President Joe Biden’s proposed tax changes could impact high-net-worth individuals and their charitable giving choices. While the proposals include increasing the top rate on taxpayers making more than $400,000 and increasing capital gains and dividend tax rates for taxpayers earning more than $1 million annually, these changes have the potential to spur charitable giving by lowering taxable income and increasing the value and efficiency of charitable donations for these taxpayers. These changes could potentially induce more gifting of highly appreciated assets like shares of stock in lieu of cash.
Outlined below are the highlights of proposed tax reform; however, the bottom line is that there may be short-term incentive to give for those who are philanthropic. We recommend donors considering gifts with major tax implications should wait until closer to the end of the calendar year to see what is passed and what is not.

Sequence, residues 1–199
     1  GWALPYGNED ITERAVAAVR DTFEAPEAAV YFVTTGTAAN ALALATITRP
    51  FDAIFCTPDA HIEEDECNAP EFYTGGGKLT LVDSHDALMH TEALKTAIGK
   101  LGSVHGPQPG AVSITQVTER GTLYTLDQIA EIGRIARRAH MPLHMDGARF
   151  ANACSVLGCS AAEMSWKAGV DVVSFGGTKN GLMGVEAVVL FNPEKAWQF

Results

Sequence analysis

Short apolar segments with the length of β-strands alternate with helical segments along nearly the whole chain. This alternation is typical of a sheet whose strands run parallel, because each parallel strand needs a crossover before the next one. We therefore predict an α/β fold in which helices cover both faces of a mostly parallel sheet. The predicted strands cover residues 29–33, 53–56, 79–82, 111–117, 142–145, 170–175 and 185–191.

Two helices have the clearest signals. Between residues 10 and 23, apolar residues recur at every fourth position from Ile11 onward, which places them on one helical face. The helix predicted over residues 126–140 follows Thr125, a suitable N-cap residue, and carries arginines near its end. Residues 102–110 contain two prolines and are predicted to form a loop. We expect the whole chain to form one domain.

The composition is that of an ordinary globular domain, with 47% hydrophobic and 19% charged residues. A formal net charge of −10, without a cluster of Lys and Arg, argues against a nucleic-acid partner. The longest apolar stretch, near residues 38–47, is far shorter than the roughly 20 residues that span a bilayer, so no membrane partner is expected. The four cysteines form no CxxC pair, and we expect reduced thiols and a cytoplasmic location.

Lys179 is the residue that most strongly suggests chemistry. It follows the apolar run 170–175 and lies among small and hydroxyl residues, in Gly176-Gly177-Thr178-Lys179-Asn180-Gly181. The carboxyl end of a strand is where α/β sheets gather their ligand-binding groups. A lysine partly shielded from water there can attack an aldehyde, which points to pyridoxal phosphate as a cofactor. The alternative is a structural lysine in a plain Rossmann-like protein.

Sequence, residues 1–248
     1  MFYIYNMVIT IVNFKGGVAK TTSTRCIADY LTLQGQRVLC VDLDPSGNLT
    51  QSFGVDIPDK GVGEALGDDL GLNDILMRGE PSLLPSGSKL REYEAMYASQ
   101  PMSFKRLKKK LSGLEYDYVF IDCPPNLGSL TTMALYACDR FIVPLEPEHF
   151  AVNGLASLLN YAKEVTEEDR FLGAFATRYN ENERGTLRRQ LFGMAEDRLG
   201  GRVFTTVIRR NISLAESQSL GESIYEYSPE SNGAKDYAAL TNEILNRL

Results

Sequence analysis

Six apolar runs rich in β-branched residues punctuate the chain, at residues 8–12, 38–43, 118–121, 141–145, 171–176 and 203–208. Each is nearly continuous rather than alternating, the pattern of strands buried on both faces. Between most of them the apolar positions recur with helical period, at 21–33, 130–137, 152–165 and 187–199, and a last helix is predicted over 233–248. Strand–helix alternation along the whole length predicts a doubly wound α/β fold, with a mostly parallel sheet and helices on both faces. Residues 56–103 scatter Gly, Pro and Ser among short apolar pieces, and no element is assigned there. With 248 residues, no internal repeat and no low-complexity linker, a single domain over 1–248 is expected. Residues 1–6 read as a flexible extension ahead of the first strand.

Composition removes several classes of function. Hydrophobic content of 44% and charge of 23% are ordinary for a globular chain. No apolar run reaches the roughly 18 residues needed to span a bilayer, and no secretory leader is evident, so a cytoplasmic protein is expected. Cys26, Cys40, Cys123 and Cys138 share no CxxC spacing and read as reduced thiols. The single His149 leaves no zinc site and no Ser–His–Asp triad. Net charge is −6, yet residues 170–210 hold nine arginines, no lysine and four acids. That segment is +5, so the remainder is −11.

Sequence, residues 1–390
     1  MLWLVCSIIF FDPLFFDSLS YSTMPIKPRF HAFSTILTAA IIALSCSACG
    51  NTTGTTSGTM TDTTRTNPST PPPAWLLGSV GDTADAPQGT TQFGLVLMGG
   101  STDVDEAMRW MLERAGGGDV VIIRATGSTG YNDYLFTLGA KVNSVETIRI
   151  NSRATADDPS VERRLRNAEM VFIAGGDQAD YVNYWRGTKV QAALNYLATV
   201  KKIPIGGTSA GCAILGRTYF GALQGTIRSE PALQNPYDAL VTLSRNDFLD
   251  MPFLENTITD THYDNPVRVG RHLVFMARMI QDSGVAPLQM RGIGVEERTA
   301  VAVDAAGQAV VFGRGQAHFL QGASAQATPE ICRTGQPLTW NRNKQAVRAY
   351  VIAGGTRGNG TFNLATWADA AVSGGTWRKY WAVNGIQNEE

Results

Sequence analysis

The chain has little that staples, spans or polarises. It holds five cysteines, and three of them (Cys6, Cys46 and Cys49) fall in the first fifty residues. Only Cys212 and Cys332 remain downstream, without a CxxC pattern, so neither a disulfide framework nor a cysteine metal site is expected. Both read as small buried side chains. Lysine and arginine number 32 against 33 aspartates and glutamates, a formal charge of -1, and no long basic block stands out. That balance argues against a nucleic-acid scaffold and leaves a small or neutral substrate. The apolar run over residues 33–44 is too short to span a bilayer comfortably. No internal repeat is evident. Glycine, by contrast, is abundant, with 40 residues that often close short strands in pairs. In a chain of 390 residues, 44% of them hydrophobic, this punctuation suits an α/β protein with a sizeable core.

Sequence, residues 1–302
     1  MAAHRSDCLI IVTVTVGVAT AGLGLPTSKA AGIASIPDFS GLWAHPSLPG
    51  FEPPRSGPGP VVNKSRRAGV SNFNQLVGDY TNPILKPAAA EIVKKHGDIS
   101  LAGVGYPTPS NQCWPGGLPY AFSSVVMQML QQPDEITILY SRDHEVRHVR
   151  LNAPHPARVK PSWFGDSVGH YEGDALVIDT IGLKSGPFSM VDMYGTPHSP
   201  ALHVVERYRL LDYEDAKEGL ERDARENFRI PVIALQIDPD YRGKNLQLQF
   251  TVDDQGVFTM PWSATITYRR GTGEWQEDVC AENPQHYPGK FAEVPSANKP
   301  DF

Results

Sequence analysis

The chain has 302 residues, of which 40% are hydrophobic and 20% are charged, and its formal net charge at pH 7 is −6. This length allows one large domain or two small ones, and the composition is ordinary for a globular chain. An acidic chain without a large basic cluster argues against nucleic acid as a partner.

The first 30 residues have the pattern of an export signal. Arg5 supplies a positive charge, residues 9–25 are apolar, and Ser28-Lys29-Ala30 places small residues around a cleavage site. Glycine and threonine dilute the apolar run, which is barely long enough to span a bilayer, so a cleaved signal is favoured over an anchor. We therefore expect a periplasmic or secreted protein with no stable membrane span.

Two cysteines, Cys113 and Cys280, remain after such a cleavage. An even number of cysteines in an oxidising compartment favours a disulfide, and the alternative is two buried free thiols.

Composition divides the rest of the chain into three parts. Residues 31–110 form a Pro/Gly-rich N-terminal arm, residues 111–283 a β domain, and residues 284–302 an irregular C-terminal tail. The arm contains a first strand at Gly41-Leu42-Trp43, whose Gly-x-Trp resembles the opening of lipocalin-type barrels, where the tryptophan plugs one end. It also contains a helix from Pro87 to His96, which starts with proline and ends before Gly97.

- 39.6% tax rate on capital gains for taxpayers with an income more than $1 million
- 28% limit of on charitable deductions for taxpayers with an income more than $400,000
- 12.4% Social security payroll tax to income exceeding $400,000
- The above and the proposed additional Social Security tax to income exceeding $400,000, raised from $142,800 of earned income now, “would produce a donut hole between $142,800 and $400,000 where no Social Security tax would be due,” said Robert Karon, Minneapolis-based managing director at CBIZ MHM. “This could encourage people to make donations to get under the $400,000 mark.”
- Reinstating the Pease Limitation on itemized deductions for taxpayer with more than a $400,000 income, which was previously eliminated by 2017 reform. Pease Limitation: caps how much certain taxpayers can claim in terms of itemized deduction
- No effort to limit the value of itemized deductions, including contributions to charity, however the proposal may see significant changes in Congress
- CARES act extended through 2021
-Limit of 100% of adjusted gross income (AGI) for gifts to public charities
-Donations exceeding the AGI limitations carry over for five years (can only be used in a year when a taxpayer itemizes deductions).